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Tri clamps?

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JoeTheBartender

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So I'm looking to build a keggle here pretty soon. I've seen a lot of tutorials and all the parts. But I'm also noticing all the higher end brew kettles (ss brewtech, spike+ etc) all use tri clamp set ups instead of regular nozzles.

I've spent a few days working in local breweries and I won't like the ease of tri clamp is pretty handy so if I could incorporate that in my brewing I'd love too.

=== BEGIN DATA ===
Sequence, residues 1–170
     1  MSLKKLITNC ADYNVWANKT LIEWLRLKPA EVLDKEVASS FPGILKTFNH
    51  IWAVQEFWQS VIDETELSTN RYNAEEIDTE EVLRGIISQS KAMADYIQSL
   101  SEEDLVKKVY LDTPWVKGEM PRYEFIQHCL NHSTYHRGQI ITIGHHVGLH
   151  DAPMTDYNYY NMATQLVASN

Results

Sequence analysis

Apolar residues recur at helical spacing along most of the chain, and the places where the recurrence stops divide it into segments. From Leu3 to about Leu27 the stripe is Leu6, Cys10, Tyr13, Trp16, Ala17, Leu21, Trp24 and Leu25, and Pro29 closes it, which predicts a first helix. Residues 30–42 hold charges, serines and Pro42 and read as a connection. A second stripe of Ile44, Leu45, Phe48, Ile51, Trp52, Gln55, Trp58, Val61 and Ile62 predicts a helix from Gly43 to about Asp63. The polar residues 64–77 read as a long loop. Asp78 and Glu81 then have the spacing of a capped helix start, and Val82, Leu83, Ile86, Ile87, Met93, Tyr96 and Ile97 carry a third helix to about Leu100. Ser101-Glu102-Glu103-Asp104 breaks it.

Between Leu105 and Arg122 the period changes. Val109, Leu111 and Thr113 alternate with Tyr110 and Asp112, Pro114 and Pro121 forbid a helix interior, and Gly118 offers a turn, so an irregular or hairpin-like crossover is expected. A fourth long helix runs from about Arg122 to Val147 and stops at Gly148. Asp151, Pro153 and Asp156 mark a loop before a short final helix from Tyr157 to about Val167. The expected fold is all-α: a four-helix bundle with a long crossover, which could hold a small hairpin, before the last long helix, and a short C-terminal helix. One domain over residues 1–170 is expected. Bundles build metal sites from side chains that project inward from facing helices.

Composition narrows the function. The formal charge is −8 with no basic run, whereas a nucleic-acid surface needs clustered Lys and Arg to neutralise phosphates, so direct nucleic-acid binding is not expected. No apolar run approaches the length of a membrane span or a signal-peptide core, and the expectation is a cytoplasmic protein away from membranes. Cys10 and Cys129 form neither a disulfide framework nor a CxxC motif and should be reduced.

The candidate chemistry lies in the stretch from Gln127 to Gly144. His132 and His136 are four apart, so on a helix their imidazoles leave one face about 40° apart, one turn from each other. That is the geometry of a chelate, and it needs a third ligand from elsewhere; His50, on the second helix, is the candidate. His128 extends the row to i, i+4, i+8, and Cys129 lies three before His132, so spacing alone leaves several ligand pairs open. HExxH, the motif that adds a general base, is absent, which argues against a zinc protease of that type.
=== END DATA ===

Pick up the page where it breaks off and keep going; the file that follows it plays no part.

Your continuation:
I was curious how I would even find the ports and parts to make my keggle tri clamp and if it would even be worth it.
 
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I like tri-clamp for my kettle element, but I'm fine with conventional NPT elsewhere, though you're right that tri-clamp sanitary fittings are very popular. Ease? Maybe. I wouldn't want to deal with tri-clamp every time I attach/detach a hose connection -- quick disconnects like camlock work much better for frequent use. For parts, look here for example.
 

FloppyKnockers

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I was in the same boat when reimagining my new set-up. I decided to go with QDs for all the hoses and tri-clamps for the elements. I do not regret it at all. The QDs are an amazing upgrade.

1605337650657.png
 
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JoeTheBartender